"Nautilus" - Final Fantasy XIII
Thursday, June 23, 2011
I don't know why I haven't posted more songs from Final Fantasy in this blog yet. It seems like the obvious choice when speaking of video game music. But I digress. This song from Final Fantasy XIII is played in Nautilus, an entertainment city for the residents of the game's world. As fantastic and sweeping as much of the song is, it still has a few sweeter, sadder moments, implying that not everything is as bright and innocuous as it seems. This song, written by the amazing Masashi Hamauzu, has really touched me recently, so I thought I would share it with you as well.
Saturday, June 18, 2011
Yasunori Mitsuda was probably the first video game composer I became interested in (after Nobuo Uematsu), and he is most likely the reason I've become so interested in game composers at all. When I was in high school and was working at an independent bookstore, my boss's brother lent me the Yasunori Mitsuda tribute album, "Time and Space," along with a copy of Chrono Trigger (which, up to that point, I had not played). Hearing not only Chrono Trigger's original, infectious music, but also the brilliant orchestrations of that music on the tribute album, I knew that I had to learn more about the man behind this score. Mitsuda's been through quite a bit to deliver on these albums that we know and love today, and he certainly deserves these accolades.
Mitsuda, as he appears on his album "Colours of Light"
Friday, June 17, 2011
This summer, I'm going to do things that are productive. I'm going to better myself. I'm going to not waste the time that I have. One of my loftier goals is to arrange enough music to be able to start a video game music a cappella choir when I return in the fall. Of course, that'll be difficult, but I really hope I'm up for the challenge (and, well, although Northwestern already has an abundance of a cappella groups, none of them have this same schtick). I want to do more obscure songs, but it is familiar tunes that really draw a crowd. This song takes a bit from both columns and is one of my favorite renditions of the Legend of Zelda theme; as such, it will be one of the first songs I will try to arrange for this new choir. Presented below are the original Gameboy version and the Super Smash Bros. Brawl version of the Overworld theme in The Legend of Zelda: Link's Awakening, originally composed by Minako Hamano.
"Koholint Ballad of Life" - The Legend of Zelda: Link's Awakening DX
"Overworld/Tal Tal Heights Mix" - Super Smash Bros. Brawl
Saturday, June 11, 2011
This weekend, I'm performing in an anniversary show for my high school's theatre program. The program has been around for 45 years now, and hundreds of people who had participated in our high school's theatre come back to our hometown to perform in this fantastic musical revue. In honor of this musical theatre setting in which I've been placed, I thought I would share one of the more theatrical songs in video games. Although I've not played the Sam and Max series (with music composed by Jared Emerson-Johnson), I'm acquainted with their fantastic and (mostly) witty sense of humor. This is performed after Max (the crazed-looking bunny) becomes president due to... extenuating circumstances. It's fun to note that this song seems to parody itself by copying the same initial lyrical structure of the Edwin Starr song of the same name and saying the exact opposite (that war is good for you and for me, and not good for absolutely nothing). The campy style and over-the-top performance of this song covers up the tragedies of war for its practical and glorious applications; given that the entire series is dripping with sarcastic humor, this song does an excellent job of exposing a truth by stating its opposite.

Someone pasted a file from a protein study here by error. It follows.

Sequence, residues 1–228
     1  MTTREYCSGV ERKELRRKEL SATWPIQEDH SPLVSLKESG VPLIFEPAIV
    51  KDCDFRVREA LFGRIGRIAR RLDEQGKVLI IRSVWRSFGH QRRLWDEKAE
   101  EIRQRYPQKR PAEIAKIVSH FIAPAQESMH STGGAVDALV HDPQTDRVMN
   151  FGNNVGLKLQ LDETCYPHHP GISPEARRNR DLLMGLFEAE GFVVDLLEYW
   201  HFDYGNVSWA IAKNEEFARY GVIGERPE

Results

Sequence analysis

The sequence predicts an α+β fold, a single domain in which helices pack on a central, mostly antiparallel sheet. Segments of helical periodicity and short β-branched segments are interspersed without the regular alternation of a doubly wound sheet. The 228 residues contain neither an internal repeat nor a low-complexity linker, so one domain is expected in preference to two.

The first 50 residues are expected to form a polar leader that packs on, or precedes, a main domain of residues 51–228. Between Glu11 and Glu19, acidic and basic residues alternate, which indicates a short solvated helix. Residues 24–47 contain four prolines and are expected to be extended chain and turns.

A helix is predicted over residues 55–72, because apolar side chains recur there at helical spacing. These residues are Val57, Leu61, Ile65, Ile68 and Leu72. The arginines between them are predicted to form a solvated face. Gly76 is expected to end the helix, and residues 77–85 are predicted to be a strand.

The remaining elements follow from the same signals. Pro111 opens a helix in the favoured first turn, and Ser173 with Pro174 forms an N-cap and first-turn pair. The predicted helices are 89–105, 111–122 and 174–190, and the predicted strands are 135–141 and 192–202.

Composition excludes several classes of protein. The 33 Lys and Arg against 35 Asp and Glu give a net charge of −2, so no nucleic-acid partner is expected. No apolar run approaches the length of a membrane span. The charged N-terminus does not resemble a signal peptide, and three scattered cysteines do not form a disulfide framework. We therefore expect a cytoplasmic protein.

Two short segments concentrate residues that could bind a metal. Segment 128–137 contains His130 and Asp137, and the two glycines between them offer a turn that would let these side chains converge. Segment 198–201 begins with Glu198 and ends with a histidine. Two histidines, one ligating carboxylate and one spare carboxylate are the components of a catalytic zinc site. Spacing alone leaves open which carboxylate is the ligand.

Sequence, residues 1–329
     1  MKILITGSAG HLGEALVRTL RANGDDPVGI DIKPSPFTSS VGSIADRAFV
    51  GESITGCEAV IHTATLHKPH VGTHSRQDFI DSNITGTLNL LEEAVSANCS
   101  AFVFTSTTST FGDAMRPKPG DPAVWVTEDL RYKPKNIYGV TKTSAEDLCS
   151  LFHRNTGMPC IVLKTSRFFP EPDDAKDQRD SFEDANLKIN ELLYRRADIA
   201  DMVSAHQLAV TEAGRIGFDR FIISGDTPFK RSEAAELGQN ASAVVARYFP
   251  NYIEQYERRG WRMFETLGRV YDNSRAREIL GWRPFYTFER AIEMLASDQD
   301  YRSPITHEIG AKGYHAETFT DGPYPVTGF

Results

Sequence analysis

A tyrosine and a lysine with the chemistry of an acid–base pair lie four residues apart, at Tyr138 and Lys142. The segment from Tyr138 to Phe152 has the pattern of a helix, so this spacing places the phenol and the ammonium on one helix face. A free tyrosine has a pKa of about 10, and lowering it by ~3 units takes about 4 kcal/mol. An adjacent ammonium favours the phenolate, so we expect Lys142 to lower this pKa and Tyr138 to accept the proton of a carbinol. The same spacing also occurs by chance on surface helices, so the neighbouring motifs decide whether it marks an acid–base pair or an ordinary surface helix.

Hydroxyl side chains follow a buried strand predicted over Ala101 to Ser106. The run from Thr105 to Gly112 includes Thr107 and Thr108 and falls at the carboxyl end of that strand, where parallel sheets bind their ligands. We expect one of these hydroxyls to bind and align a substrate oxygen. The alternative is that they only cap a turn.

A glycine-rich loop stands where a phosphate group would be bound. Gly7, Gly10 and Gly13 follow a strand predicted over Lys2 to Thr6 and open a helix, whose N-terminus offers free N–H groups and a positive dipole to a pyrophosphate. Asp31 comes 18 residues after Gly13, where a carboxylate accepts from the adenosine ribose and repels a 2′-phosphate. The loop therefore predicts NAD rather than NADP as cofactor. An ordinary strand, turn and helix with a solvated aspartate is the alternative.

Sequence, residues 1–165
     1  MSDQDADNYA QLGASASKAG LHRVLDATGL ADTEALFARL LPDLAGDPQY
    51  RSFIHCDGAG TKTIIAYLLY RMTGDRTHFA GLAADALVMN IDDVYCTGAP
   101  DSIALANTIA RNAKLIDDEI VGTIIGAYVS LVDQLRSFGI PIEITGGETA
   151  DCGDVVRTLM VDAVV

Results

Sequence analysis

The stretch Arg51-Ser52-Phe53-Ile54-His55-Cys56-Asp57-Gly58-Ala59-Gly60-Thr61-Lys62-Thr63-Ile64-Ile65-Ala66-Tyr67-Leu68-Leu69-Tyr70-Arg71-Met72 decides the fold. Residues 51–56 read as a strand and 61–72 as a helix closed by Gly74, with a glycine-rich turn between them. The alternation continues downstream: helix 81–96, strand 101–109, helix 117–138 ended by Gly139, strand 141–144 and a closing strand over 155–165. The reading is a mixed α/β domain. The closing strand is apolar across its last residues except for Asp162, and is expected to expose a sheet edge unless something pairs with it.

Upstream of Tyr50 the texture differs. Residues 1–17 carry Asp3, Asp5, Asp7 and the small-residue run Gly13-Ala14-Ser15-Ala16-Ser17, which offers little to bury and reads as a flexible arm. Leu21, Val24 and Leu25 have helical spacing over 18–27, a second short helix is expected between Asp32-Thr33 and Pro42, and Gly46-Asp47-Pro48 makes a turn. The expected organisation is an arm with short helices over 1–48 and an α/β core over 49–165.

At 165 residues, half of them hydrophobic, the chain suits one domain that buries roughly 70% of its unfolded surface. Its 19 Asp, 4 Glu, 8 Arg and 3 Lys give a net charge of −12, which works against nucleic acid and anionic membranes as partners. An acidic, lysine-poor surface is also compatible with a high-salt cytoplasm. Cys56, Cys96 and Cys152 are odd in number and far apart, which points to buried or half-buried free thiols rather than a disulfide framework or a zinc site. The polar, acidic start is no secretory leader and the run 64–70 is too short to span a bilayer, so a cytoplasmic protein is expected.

"War" - Sam & Max Save the World
Thursday, June 9, 2011
Sometimes it's hard to explain what appeal video game music has. Part of it is its versatility: video game music can come from any genre, and it often creates its own genre to enhance the experience. In this way, it emulates popular music and its continuous evolution. Sometimes, though, both of them overlap; composers for video games use pieces of popular music to add a deeper significance to the moment, or songs originally composed for video games become so popular that they permeate our culture.